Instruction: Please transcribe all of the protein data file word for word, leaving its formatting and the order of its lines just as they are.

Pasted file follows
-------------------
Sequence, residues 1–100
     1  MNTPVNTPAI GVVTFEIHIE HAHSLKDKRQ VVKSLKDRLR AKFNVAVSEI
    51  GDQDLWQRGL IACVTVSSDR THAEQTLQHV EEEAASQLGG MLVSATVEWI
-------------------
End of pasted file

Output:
Sequence, residues 1–100
     1  MNTPVNTPAI GVVTFEIHIE HAHSLKDKRQ VVKSLKDRLR AKFNVAVSEI
    51  GDQDLWQRGL IACVTVSSDR THAEQTLQHV EEEAASQLGG MLVSATVEWI